Why? For the love of playing the play. Because it is fun. Because it is thrilling, or for the love of the spectacle, for the love of mimicry, out of obsession. Because it just took hold of me. Out of curiosity. To play great roles, leading roles: Hamlet, Don Carlos, Antigone, Lady Bracknell. Not Emilia, but evil Iago, and then perhaps demented King Lear. Or Joan of Arc? Oh, definitely, and then wild Medea. To play the entire canon of the classics and, of course, what is in vogue now too. To be famous, to become a star. To change the world, not just interpret it. To give people something out of a passion for fantasy, for the imaginary, for imagination. For the love of abundance. For the love of lies, not those that make your nose grow longer, but the ones that play with truth. Out of a fascination for masquerade, a fascination for transformation, both of which are irresistible. To be someone else, to create another being, to be many. For it all never to end. To be free. To fly. Openness immemorial.

    Openness without ideologies or theologies, openness as possibility – as the vacant space within us, kept open not out of destructiveness, but as a form of affirmation.

    “To make believe,” was the answer given by Kate Falk from the New York Wooster Group, when asked why she acts in the theater.1

    1 “Theater morgen, Gespräche über die Kunst im Global Village.” Treffpunkt Kultur ORF.

    Production: GRENZ-film (production team Arno Böhler and Susanne Granzer), ORF, 1998. All translations by Laura Radosh unless stated otherwise.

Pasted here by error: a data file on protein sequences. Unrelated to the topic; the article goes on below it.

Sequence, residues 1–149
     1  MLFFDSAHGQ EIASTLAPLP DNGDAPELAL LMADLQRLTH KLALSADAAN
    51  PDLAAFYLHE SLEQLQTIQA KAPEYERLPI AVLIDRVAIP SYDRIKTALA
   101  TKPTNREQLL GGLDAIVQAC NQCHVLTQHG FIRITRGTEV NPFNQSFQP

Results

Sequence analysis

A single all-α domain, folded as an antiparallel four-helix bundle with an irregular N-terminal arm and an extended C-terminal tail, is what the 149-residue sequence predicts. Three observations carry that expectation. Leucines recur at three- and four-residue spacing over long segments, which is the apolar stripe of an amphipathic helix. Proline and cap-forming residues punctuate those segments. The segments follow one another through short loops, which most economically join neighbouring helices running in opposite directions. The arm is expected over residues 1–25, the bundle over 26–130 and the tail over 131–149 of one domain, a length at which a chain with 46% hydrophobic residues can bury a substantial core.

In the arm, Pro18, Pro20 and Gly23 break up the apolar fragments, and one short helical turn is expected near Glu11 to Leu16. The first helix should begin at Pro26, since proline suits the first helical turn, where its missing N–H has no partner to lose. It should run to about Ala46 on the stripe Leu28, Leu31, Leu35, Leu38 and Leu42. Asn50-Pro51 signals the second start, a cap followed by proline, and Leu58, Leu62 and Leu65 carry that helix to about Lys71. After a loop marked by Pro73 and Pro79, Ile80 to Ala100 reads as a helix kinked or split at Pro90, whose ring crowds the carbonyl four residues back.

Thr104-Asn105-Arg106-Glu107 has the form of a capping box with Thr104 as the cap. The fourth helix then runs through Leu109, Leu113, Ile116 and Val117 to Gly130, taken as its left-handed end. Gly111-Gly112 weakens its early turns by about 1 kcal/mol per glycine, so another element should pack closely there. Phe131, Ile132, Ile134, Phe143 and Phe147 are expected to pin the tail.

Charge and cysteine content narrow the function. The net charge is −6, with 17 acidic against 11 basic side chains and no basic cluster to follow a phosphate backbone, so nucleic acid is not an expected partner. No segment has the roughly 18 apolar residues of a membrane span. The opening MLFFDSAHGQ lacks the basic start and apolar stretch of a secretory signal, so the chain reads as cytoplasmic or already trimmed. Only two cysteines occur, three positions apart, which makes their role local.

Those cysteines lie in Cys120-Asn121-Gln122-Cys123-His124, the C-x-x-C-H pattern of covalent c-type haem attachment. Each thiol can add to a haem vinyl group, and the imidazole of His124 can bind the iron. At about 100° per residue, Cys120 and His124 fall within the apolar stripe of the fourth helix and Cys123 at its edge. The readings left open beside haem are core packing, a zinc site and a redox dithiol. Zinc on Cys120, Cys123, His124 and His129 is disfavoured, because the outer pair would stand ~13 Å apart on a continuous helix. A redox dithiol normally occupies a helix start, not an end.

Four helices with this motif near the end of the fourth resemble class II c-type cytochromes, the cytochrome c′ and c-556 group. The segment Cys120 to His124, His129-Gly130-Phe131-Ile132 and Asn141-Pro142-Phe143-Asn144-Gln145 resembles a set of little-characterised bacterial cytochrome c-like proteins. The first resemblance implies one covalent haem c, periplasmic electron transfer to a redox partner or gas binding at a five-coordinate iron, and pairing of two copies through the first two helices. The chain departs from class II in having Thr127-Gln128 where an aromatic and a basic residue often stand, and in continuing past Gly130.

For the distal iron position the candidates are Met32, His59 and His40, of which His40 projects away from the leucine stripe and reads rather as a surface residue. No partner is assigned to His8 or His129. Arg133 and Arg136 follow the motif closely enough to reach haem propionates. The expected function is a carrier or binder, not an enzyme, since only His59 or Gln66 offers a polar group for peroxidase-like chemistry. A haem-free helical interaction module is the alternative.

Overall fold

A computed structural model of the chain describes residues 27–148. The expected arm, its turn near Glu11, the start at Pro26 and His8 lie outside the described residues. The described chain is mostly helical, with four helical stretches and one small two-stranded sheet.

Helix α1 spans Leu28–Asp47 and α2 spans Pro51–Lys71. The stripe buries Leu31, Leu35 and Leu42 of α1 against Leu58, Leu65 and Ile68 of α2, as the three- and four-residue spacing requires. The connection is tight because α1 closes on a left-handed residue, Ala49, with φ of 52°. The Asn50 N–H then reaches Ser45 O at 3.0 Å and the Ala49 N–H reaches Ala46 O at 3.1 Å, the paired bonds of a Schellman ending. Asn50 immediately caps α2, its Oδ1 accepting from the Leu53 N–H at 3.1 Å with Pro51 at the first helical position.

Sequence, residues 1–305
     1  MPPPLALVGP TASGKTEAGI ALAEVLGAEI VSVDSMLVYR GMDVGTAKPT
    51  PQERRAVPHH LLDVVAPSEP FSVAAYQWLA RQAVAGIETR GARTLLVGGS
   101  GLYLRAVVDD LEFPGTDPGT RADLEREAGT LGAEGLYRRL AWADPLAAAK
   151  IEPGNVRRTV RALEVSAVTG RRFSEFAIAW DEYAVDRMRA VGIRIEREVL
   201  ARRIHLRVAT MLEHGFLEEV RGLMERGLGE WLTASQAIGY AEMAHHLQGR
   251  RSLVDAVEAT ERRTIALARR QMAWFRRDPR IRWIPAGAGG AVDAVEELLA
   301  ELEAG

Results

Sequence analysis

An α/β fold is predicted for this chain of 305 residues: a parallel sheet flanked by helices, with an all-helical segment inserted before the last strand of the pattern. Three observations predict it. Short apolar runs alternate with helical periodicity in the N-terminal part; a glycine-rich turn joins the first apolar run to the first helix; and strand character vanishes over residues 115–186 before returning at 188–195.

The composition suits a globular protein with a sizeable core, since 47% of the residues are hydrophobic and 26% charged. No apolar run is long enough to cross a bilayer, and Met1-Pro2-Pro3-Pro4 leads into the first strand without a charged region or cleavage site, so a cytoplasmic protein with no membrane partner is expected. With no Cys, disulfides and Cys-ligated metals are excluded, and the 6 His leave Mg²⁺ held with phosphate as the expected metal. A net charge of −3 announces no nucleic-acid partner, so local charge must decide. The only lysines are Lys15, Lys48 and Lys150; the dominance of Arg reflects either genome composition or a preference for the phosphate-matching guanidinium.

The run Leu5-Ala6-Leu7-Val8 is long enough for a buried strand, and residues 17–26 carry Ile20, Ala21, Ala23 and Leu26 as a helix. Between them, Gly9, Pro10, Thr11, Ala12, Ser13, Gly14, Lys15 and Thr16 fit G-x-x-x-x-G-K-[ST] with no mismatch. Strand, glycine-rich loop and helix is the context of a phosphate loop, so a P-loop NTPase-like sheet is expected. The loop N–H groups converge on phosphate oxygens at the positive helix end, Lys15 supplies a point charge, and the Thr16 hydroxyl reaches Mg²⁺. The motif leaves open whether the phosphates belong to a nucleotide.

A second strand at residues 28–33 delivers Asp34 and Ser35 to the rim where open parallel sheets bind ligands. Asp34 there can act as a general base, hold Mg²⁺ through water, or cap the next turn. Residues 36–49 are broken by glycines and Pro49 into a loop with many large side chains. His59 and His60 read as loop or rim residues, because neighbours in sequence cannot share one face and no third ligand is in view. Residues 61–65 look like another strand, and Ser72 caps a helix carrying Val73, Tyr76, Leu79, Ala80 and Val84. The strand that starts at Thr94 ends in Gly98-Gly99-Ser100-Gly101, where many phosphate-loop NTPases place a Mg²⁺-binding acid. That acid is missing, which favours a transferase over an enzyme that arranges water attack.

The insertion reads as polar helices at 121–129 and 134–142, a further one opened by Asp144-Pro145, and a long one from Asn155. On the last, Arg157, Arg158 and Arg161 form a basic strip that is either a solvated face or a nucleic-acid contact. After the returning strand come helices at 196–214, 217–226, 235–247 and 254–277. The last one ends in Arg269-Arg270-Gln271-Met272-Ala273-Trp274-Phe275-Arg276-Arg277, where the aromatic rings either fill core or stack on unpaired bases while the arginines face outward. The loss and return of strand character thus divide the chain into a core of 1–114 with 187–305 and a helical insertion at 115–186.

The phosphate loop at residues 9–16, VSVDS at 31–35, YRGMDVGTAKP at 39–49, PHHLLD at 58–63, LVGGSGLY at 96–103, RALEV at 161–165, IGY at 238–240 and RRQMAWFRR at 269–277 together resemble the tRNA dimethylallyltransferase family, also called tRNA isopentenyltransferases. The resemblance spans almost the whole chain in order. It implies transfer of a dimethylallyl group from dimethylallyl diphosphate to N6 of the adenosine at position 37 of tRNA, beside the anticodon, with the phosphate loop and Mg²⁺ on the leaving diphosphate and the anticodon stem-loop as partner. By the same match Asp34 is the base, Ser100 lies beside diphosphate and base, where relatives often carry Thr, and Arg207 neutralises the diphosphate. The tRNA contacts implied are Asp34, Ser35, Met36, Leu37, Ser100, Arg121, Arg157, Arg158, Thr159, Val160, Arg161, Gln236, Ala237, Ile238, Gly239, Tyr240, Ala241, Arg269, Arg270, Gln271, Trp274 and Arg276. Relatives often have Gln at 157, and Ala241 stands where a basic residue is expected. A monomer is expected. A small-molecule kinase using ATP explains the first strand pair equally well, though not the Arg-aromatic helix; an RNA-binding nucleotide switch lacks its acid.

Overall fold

DOI: 10.1057/9781137596345.0004

    Nous Pathetikos

    Why? To remain true to that which disconcerts, to not become jaded.

    To not grovel, not conform. To keep your eye on the prize, even if it is blinding. No boorish posing whatever the form – neither the dramatic, nor the postdramatic kind. No getting all worked up about what you always knew. No matter how old or how young you are, not to adhere to any rules that cannot be thrown overboard. To hold disdain for con-ventionalists and conformists, whether their comfort zone is on the right or on the left, and to hold disdain for the poison of resentment and for every self-appointed lord, no matter what his kingdom. To maintain a deep-seated aversion to standardized utilitarianism. To resist ogling the acceptable. To oppose the dictatorship of the highest possible number.

    To be different and live differently. To maximize, not minimize, risk.

    To stand against the times, to be untimely, whatever that might mean.

    And above all to be neither a hamster in a wheel nor an administrator of being, nor a careerist, nor a singer of the swan song of a late culture.

    Maybe to become a fabled creature of truth?

    Calm down. Get a grip on yourself.

    Why?

    As G.W.F. Hegel says in the famous preface to the Phenomenology of Spirit, “The True is ... the Bacchanalian revel in which no member is not drunk.”2

    2 G.W.F.

    Hegel,

    Phenomenology of Spirit, trans. A.V. Miller (Oxford: Oxford University Press, 1977), 27.

    Except where otherwise noted, this work is licensed under a Creative Commons Attribution 4.0 International License. To view a copy of this license, visit https://creativecommons.org/version4

    DOI: 10.1057/9781137596345.0004